Summary: This sermon is a consideration of the voices in the Palm Sunday text of Luke 19


Luke 19:28-48


Every day there are many voices trying to convince us about how to live our lives. Those voices do not always offer wise counsel.

Illustration: Here are instructions on how to react to hungry pythons, as given to Peace Corpsmen serving in Brazil —

“Remember not to run away, the python can run faster. The thing to do is to lie flat on the ground on your back with your feet together, arms at your side, head well down. The python will then try to push its head under you, experimenting at every possible point. Keep calm (that was underscored).

“You must let him swallow your foot. It is quite painless and it will take a long time. If you lose your head and struggle, he will quickly whip his coils around you. If you keep calm and still, he will go on swallowing. Wait patiently until he has swallowed up to about your knee. Then carefully take out your knife and insert it into the distended side of his mouth and with a quick rip slit him up.”

I am not too sure I would consider that to be wise counsel.

There are voices that we hear in our text today as we consider the “Triumphal Entry” of Jesus into Jerusalem. Read Luke 19:28-48

Let’s examine the voices of that day and glean for ourselves the wise voices.

I. The Voice of the Donkey’s Owner (v. 33)

As we consider this donkey and its owner an interesting observation become apparent. The donkey seemed to have more sense than its owner. In Matthew’s gospel it is indicated that the donkey colt’s mother was brought along also. That would mean that the colt was young and unbroken and Marks’s gospel confirms that fact. Yet the colt permitted clothing to be thrown over its back and Jesus to sit on its back.

The objection came from the owner. He essentially was saying, “That’s my colt! Where are you going with my colt?” His concern was with his possessions. Had the disciples not insisted, this man would have prevented Jesus from using his donkey. What a loss of blessing we stand to incur if our possessions become so important that we question Jesus use of them.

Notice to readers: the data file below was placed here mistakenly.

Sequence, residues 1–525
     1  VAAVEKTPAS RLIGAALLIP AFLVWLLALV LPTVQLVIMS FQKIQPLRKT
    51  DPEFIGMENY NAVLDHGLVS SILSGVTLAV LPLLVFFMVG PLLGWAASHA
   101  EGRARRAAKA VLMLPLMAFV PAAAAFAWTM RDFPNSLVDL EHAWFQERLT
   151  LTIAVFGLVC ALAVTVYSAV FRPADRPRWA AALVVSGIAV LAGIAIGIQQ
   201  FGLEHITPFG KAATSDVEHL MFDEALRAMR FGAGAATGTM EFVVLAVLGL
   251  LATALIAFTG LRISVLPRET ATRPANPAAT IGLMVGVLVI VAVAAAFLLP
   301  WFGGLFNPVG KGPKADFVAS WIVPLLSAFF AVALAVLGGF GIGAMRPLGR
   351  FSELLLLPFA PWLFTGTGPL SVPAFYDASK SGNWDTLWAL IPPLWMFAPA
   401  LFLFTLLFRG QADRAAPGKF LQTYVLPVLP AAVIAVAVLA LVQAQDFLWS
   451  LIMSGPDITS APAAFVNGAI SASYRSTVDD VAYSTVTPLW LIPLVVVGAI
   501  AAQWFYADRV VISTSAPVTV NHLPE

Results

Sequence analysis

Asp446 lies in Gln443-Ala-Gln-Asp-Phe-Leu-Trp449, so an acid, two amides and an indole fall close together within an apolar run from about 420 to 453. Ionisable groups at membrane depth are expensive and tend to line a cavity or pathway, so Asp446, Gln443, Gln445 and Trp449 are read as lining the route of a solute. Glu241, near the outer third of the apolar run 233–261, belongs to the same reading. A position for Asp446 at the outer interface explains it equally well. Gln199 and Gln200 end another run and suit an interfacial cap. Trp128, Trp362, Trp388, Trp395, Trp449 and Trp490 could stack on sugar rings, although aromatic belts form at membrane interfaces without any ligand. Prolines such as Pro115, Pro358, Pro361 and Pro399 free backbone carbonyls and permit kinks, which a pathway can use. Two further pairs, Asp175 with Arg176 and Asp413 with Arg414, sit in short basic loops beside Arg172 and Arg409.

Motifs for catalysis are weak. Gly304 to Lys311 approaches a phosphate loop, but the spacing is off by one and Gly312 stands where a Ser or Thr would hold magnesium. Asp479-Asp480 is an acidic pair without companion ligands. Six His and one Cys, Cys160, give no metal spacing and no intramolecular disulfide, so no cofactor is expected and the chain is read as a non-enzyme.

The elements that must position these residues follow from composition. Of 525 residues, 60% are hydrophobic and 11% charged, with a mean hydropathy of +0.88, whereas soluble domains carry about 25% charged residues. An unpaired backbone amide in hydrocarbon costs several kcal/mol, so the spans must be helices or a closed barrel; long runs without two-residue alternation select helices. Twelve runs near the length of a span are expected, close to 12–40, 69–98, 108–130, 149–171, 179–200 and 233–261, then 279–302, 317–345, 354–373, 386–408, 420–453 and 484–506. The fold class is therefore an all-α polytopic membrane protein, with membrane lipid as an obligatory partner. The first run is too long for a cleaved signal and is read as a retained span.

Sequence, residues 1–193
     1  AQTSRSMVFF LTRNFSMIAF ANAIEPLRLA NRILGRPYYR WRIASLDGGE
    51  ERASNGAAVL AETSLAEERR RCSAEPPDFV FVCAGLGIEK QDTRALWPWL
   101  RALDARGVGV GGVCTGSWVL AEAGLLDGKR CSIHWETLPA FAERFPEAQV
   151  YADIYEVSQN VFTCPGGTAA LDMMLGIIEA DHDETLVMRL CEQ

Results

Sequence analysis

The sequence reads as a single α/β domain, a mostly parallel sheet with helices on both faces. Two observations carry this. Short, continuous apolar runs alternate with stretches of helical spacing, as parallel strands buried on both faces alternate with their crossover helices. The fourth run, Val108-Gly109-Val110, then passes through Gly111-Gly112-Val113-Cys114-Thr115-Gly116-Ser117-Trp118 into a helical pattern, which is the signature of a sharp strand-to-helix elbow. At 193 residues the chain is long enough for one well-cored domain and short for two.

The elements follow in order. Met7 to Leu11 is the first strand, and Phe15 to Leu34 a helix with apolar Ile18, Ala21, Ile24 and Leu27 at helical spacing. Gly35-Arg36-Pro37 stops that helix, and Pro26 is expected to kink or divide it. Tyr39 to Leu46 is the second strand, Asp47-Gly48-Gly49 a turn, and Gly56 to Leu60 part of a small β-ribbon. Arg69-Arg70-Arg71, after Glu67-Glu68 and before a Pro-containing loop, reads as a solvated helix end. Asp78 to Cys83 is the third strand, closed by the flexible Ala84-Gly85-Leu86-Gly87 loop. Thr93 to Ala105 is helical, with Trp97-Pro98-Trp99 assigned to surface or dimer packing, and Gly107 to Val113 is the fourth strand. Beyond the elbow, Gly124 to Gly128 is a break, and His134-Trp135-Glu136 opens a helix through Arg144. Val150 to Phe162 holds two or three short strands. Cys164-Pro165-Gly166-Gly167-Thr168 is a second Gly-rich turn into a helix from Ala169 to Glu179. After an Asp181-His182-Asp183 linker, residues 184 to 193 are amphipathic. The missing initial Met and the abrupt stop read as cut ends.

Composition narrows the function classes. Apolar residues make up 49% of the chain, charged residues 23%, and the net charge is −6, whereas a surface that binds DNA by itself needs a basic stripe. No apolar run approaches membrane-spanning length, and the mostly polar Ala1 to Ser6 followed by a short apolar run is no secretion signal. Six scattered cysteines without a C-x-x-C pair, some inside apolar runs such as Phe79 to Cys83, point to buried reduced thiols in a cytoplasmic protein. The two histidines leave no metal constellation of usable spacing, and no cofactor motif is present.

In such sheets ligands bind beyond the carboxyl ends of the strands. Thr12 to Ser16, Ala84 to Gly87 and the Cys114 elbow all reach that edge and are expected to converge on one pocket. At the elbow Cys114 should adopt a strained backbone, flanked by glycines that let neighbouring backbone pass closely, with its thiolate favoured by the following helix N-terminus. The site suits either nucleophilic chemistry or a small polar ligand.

Illustrations: We must say as Martin Luther did, “I have held many things in my hands and I have lost them all; but whatever I have placed in God’s hands that I still possess.”

Or as John Wesley who he learned that his house had been destroyed by fire, exclaimed, “The Lord’s house burned –One less responsibility for me!”

Illustration: The danger of hanging on to the things we think are important is seen in the method used to trap monkeys. A monkey trapper will tie to a tree a coconut shell with a hole just big enough for the monkey’s hand to fit through. Inside the shell the trapper will place something the monkey really wants. The monkey will place its hand in the shell, grasp the object of its desire and hang on. Not being able to remove his hand from the shell without letting go of its treasure, the monkey will be caught and carried away by the trapper.

Let’s not listen to our own voice of selfishness regarding our possessions. Possessions are temporal. They will pass away. Our relationship with Jesus is eternal. It is much better to give up what we cannot keep and receive something which can never be taken away.

II. The Voice of the Multitude (vv. 37-38)

As the objections of the donkey owner fade away another voice arises – the voice of the multitude. At first observation it would seem that this is a pleasant and positive voice. However, things are not always as they seem.

Illustration: A little boy told a salesclerk he was shopping for a birthday gift for his mother and asked to see some cookie jars. The clerk was impressed by the boy’s thoughtfulness and took him to a counter displaying a large selection of cookie jars. The youngster carefully lifted and replaced each lid. His face fell as he came to the last one. “Aren’t there any covers that don’t make any noise?” he asked. Obviously, the motivation behind the boy’s apparent thoughtfulness was questionable.

Let’s ask ourselves, though, what the multitude really sought. Notice two words in their praise: King and Peace. While the crowd was acknowledging the claim of Christ to be the Messiah, they were also declaring their expectation that He would free them from Roman oppression. The word used was “hosanna” which means “save now.” They expected Jesus to take up the throne and depose the Roman rulers. Their hope was that they would enjoy peace as a result. Their counsel would have been to enthrone Jesus immediately as the means to peace. On a previous occasion Jesus sensed the same desire. In John 6 following the feeding of the five thousand the multitude sought after Jesus. In response we read in John 6:15, “…when Jesus perceived that they were about to come and take Him by force to make Him king, He departed again to the mountain by himself alone.” Clearly the motive of the multitude was not in line with the purpose of Jesus.

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